May 14, 2019

Barr appoints U.S. attorney to investigate origins of Russia probe

Attorney General Bill Barr. Photo: Jahi Chikwendiu/The Washington Post via Getty Images

Attorney General Bill Barr has appointed U.S. Attorney for the District of Connecticut John Durham to investigate the origins of the Russia probe and whether law enforcement's methods of collecting intelligence on the Trump campaign were legal, the New York Times first reported and the AP confirmed.

Why it matters: Barr had previously signaled that he wanted to review the FBI's surveillance of the Trump campaign, telling senators in a hearing last month that "spying did occur" — though he clarified that he did not mean to suggest that it was necessarily illegal. Durham has previously served as a special prosecutor investigating allegations of impropriety by intelligence officials, "including the F.B.I.’s ties to a crime boss in Boston and accusations of C.I.A. abuses of detainees," according to the Times.

The big picture: This is at least the third investigation into the origins of the Russia probe. The FBI's inspector general Michael Horowitz is currently investigating the government's use of wiretaps through the FISA process, while U.S. Attorney for Utah John Huber is also looking into claims of FBI misconduct.

  • Senate Judiciary Chairman Lindsey Graham has also signaled his intention to "investigate the investigators," which has become a rallying cry for many Trump allies who believe the president was unfairly targeted.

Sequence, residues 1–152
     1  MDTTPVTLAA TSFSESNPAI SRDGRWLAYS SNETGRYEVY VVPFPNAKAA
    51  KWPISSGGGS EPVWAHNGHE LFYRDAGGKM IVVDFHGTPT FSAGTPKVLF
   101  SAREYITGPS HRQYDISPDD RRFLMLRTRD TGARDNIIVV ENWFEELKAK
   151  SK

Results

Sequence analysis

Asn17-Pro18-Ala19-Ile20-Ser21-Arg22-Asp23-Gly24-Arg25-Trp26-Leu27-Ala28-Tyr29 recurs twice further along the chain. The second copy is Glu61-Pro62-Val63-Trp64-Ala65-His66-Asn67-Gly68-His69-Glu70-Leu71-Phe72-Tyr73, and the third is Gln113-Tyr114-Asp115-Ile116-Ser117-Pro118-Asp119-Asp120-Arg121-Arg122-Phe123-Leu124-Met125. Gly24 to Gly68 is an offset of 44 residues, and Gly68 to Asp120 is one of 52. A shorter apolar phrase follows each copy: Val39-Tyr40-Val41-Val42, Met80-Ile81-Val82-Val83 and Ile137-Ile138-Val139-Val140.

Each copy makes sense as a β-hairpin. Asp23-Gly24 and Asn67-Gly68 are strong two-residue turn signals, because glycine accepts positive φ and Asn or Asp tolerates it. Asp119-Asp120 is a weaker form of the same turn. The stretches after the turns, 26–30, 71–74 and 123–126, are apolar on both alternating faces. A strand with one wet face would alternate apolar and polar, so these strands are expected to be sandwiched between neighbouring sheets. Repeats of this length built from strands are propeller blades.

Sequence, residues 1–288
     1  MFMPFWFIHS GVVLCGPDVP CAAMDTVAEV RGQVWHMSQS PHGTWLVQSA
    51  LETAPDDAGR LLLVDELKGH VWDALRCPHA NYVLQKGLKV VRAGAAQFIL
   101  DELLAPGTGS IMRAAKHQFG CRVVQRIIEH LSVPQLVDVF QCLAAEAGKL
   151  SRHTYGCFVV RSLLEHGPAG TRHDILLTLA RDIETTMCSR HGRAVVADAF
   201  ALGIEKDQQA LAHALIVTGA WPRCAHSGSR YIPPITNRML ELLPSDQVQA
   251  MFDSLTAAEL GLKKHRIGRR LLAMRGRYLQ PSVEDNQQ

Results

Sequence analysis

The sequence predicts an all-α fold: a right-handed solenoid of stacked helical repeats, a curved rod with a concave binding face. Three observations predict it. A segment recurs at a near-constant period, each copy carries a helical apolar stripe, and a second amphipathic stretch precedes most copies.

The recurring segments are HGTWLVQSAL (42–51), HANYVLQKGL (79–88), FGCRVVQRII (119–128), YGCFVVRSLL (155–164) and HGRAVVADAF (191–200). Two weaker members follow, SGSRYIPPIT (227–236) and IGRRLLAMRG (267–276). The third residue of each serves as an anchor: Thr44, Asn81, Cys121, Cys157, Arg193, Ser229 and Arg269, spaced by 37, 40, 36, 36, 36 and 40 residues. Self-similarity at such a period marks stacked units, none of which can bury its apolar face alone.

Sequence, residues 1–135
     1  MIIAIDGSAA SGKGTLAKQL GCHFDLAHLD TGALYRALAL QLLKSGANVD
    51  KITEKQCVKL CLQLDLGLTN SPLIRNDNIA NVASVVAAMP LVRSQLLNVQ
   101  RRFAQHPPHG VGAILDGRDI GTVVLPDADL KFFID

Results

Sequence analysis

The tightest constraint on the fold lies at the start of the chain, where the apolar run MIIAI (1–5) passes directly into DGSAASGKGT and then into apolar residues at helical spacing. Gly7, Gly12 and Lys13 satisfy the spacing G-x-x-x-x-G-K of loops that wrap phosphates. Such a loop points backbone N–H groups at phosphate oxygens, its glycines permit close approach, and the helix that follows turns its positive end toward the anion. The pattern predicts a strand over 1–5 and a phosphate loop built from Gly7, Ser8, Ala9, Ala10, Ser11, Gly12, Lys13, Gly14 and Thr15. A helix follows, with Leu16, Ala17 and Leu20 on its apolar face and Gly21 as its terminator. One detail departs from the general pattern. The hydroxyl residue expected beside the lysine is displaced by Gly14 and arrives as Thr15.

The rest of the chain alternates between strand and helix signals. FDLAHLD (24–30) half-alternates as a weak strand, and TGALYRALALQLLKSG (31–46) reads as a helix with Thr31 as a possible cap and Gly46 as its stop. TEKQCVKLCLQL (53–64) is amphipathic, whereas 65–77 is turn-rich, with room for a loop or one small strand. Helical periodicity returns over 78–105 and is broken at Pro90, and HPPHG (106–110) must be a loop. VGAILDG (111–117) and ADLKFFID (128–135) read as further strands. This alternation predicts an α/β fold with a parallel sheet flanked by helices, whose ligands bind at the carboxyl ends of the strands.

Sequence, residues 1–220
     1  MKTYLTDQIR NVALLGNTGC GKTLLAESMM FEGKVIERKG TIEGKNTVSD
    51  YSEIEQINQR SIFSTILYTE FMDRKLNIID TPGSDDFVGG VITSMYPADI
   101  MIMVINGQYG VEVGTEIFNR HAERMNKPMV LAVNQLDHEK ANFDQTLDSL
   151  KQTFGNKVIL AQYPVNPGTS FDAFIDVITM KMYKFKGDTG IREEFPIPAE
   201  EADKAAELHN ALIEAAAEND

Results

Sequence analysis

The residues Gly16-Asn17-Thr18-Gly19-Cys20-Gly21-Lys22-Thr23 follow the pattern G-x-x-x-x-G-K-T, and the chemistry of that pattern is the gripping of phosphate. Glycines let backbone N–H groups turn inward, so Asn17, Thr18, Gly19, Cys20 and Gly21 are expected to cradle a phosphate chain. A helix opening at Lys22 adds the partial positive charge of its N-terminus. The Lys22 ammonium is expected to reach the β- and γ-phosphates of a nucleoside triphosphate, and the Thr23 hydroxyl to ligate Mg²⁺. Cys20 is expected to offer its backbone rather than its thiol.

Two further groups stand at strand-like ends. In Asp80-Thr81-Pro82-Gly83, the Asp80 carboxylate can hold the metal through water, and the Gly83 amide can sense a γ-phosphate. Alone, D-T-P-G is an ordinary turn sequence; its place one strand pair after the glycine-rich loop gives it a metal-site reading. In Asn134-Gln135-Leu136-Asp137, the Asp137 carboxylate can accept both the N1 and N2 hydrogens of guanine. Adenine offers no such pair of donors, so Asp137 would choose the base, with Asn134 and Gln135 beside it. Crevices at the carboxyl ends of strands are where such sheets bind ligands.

Go deeper

Trump says he will campaign against Lisa Murkowski after her support for Mattis

Trump with Barr and Meadows outside St. John's Episcopal church in Washington, D.C. on June 1. Photo: Brendan Smialowski/AFP via Getty Images

President Trump tweeted on Thursday that he would endorse "any candidate" with a pulse who runs against Sen. Lisa Murkowski (R-Alaska).

Driving the news: Murkowski said on Thursday that she supported former defense secretary James Mattis' condemnation of Trump over his response to protests in the wake of George Floyd's killing. She described Mattis' statement as "true, honest, necessary and overdue," Politico's Andrew Desiderio reports.

8 hours ago - World

The president vs. the Pentagon

Trump visits Mattis and the Pentagon in 2018. Photo: Brendan Smialowski/AFP via Getty

Over the course of just a few hours, President Trump was rebuffed by the Secretary of Defense over his call for troops in the streets and accused by James Mattis, his former Pentagon chief, of trampling the Constitution for political gain.

Why it matters: Current and former leaders of the U.S. military are drawing a line over Trump's demand for a militarized response to the protests and unrest that have swept the country over the killing of George Floyd by police.

New York Times says Tom Cotton op-ed did not meet standards

Photo: Avalon/Universal Images Group via Getty Images)

A New York Times spokesperson said in a statement Thursday that the paper will be changing its editorial board processes after a Wednesday op-ed by Sen. Tom Cotton (R-Ark.), which called for President Trump to "send in the troops" in order to quell violent protests, failed to meet its standards.

Why it matters: The shift comes after Times employees began a coordinated movement on social media on Wednesday and Thursday that argued that publishing the op-ed put black staff in danger. Cotton wrote that Trump should invoke the Insurrection Act in order to deploy the U.S. military against rioters that have overwhelmed police forces in cities across the country.